Voice-driven computers help dyslexics to read

13th February 1998 at 00:00
Teenage dyslexics doomed to a life of academic frustration and troubled career prospects have found salvation in the latest generation of voice-activated computers.

A sample of 14-year-olds have registered seemingly amazing improvements in reading and spelling tests under experiments carried out in the West Country.

Using computers which print words straight from speech, they gained an average of more than a year's reading progress in 10 hours' work.

Some pupils scored 25 per cent better marks in their written work as they found themselves liberated from their often illegible handwriting.

The findings will be seized on by local education authorities and parents alike. Local authorities in particular are keen to avoid the vast expense of private boarding schools specialising in dyslexia which can cost local taxpayers Pounds 15,000 a year.

The research, conducted by a team from Devon County Council, used IBM computer programs costing only Pounds 40.

"This is very much an experimental piece of work, but we have had enormous shifts in the quality and quantity of pupils' written work," said Martin Miles, from the county's psychological service.

After an average of 10 hours spent on the computer, the eight pupils were registering average gains of 13 months on a standardised reading test; 15 per cent on a standardised dictation task; and four months on the Schonell spelling test.

There were also slight gains in the pupils' handwriting.

Before the trial, the teenagers' written sentences were infantile. Subsequently they wrote with some sophistication using complex narrative structures as well as adult vocabulary.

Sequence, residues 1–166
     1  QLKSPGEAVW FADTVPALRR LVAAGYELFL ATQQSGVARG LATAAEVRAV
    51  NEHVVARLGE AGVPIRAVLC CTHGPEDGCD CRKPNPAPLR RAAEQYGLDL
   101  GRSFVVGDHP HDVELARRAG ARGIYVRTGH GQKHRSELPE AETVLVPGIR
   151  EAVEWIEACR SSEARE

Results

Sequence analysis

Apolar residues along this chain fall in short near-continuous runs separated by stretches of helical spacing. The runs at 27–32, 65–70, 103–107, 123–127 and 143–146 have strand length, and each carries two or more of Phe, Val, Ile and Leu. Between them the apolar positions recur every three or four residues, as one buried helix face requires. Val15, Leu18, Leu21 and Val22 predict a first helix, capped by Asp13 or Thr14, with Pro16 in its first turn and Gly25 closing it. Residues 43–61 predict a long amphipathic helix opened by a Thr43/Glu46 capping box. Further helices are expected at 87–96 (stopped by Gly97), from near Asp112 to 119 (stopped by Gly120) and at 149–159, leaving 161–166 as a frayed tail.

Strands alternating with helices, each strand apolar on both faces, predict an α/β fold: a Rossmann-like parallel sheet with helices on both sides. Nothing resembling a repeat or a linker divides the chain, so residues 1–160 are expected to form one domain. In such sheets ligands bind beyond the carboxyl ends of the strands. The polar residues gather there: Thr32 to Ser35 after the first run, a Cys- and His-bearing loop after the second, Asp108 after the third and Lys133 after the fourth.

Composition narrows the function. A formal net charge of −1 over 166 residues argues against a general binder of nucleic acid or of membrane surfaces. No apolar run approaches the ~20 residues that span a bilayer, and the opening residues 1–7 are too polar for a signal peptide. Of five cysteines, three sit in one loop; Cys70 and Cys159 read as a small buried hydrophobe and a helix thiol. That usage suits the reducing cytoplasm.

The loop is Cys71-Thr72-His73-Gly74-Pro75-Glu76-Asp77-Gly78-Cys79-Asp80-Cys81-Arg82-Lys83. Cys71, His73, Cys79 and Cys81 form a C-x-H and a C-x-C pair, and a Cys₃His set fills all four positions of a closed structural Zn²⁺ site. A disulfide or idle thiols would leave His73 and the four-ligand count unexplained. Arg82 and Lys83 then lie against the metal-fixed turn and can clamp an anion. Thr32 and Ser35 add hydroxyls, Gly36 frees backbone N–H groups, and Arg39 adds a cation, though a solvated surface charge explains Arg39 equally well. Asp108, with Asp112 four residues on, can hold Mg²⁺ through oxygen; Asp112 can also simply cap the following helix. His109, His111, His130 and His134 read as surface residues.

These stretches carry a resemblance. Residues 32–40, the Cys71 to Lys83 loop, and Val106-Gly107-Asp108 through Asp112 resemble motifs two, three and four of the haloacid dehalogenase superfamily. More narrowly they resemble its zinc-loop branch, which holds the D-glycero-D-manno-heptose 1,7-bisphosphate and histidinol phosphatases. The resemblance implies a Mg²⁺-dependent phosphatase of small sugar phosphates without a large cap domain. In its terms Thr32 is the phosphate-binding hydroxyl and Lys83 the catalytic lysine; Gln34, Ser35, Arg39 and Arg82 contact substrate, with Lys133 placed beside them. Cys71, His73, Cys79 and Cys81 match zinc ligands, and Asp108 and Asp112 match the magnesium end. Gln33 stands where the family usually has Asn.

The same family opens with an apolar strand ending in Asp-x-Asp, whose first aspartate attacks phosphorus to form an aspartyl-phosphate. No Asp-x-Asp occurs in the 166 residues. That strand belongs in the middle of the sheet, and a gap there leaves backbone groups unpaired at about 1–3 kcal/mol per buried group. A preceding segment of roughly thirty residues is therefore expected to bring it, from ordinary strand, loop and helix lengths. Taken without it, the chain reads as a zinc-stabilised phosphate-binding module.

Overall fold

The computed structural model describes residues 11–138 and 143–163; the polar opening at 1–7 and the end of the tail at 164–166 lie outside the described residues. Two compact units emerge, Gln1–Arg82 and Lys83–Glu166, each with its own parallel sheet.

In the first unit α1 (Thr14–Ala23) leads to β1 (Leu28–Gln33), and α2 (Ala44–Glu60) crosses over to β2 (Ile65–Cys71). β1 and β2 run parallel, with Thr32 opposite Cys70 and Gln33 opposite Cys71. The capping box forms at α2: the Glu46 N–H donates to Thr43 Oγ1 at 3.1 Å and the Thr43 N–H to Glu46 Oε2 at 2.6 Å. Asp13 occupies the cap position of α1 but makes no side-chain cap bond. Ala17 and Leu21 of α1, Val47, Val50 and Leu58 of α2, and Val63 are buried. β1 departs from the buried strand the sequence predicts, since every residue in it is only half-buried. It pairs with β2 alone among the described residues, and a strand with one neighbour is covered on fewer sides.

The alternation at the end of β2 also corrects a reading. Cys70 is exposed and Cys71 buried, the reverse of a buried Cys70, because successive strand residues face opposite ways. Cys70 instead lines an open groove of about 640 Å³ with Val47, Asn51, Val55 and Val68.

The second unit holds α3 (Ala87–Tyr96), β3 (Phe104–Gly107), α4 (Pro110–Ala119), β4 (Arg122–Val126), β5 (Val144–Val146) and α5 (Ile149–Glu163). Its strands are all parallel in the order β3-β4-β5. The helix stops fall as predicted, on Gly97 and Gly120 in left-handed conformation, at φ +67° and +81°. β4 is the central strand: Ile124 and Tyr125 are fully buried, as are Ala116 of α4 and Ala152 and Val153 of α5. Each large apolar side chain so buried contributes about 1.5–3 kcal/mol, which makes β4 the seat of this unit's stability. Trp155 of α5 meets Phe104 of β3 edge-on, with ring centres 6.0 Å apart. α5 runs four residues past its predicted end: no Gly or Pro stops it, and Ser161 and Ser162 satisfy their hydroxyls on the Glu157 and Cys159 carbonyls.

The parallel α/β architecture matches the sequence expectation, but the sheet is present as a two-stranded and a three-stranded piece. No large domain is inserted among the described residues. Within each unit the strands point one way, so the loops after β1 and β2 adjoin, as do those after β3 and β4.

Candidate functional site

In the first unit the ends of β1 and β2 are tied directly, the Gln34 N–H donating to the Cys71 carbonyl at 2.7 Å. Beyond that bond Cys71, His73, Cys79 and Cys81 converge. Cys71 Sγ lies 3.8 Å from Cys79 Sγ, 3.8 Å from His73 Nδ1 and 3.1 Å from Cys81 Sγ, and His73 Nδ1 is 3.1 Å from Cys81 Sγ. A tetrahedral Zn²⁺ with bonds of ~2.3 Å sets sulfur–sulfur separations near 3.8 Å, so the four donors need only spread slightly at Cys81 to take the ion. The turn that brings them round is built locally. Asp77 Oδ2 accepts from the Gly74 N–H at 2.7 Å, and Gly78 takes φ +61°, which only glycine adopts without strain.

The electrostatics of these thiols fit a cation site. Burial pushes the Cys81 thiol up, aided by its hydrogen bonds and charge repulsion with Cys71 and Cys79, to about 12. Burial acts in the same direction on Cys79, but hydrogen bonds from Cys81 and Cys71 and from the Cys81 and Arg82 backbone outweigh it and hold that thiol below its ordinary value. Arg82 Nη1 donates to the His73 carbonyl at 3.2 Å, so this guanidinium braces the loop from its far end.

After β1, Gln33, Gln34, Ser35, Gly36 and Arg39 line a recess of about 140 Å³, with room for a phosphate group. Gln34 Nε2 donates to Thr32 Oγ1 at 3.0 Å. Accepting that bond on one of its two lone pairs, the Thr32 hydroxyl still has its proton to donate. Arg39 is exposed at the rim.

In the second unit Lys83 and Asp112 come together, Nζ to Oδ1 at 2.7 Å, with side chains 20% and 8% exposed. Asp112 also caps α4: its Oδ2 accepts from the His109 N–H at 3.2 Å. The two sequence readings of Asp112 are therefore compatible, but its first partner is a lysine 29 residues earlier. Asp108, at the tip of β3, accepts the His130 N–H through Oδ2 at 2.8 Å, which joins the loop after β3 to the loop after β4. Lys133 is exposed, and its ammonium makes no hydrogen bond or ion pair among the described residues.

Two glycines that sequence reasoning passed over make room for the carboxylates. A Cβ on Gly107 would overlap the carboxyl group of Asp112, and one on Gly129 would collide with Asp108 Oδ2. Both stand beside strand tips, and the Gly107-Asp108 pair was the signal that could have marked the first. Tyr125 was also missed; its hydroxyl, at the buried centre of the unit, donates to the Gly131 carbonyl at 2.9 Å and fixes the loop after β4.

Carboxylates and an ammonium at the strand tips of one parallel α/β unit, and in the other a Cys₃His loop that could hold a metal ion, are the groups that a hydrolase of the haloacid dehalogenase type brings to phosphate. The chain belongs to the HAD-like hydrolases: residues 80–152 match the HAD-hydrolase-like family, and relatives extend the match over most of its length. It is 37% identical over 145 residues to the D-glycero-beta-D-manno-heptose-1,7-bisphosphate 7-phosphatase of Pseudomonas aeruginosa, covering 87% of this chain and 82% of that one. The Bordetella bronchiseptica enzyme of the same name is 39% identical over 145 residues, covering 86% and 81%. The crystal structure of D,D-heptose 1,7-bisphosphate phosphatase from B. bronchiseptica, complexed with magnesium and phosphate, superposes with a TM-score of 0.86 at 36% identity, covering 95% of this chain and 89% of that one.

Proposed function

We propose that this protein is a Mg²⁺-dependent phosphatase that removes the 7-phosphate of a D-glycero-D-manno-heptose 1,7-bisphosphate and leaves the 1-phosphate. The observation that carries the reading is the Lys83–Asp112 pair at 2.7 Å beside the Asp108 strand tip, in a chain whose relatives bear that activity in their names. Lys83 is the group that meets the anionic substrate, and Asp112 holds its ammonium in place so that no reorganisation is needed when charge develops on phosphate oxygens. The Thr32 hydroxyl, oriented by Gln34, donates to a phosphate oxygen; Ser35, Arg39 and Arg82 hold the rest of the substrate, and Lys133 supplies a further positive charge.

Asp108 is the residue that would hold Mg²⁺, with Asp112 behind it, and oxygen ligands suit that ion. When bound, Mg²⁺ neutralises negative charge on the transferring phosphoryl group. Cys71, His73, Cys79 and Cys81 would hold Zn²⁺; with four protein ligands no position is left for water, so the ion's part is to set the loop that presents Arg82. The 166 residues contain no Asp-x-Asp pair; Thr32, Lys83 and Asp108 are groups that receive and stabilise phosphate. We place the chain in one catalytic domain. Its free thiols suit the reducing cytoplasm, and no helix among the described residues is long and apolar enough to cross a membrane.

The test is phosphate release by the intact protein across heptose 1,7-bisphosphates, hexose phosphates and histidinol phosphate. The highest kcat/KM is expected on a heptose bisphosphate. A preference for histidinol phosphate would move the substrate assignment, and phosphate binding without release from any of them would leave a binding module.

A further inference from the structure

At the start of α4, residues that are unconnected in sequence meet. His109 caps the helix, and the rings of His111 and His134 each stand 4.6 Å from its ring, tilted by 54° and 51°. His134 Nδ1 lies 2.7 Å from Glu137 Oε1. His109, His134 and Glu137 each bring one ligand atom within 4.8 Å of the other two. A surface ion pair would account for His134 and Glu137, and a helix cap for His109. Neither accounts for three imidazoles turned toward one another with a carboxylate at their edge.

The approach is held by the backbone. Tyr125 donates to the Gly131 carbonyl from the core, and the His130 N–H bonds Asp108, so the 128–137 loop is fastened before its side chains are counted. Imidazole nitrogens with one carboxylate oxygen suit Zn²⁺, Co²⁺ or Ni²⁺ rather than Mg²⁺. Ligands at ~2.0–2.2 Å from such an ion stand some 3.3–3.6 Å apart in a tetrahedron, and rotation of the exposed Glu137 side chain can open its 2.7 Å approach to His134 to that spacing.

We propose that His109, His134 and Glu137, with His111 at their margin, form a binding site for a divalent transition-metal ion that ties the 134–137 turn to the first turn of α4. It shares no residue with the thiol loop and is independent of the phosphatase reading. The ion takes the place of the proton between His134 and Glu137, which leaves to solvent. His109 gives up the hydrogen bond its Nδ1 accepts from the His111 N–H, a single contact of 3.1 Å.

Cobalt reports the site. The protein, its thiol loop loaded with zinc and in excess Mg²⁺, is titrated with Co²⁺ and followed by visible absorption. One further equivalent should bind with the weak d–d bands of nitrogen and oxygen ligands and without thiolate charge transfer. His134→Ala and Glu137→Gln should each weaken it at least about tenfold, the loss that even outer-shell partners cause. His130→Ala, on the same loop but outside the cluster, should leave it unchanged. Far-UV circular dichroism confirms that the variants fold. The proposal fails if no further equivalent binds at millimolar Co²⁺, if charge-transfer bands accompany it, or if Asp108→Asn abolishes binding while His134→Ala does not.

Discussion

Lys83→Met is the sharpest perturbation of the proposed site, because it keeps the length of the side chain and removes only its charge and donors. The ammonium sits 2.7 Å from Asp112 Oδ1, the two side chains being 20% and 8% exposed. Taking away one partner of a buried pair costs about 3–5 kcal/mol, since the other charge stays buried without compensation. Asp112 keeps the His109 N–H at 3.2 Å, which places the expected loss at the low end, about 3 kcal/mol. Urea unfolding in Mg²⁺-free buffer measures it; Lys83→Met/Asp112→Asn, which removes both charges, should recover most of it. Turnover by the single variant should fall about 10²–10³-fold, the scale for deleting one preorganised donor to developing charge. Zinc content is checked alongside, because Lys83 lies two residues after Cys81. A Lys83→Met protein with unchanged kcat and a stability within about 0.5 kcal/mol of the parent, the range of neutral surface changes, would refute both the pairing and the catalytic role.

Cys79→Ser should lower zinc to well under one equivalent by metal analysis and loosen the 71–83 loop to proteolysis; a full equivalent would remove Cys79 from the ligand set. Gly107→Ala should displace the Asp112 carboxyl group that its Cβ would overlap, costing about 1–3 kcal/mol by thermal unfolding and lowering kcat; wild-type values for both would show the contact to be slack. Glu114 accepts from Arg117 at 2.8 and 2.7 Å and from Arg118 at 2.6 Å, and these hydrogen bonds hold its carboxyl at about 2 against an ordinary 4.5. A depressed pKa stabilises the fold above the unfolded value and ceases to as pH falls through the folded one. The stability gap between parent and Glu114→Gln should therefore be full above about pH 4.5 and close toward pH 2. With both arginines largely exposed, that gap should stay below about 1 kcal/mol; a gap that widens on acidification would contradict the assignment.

Easy-to-spell words like "big" were replaced with "gigantic", "massive" or "enormous" - the words they used in actual speech.

This is not the first time Mr Miles has attracted public attention with experiments in computer-aided literacy.

Back in 1993, he found that younger dyslexics made giant leaps forward thanks to earlier computers that turned keyboard letters into electronic speech - overcoming short-term memory problems.

The Devon team's report on the latest work says the students "have been able to increase their output in areas of both creative writing and curriculum-based work.

"The end products after varying amounts of editing have been error-free pieces of work with a noticeable depth of content."

Mr Miles said the pupils were intelligent people whose natural ability was inhibited by dyslexia. Despite their adult conversation, their reading age was many years behind while their writing could be childish and often illegible.

Martin Miles can be contacted on: 01392 276348.

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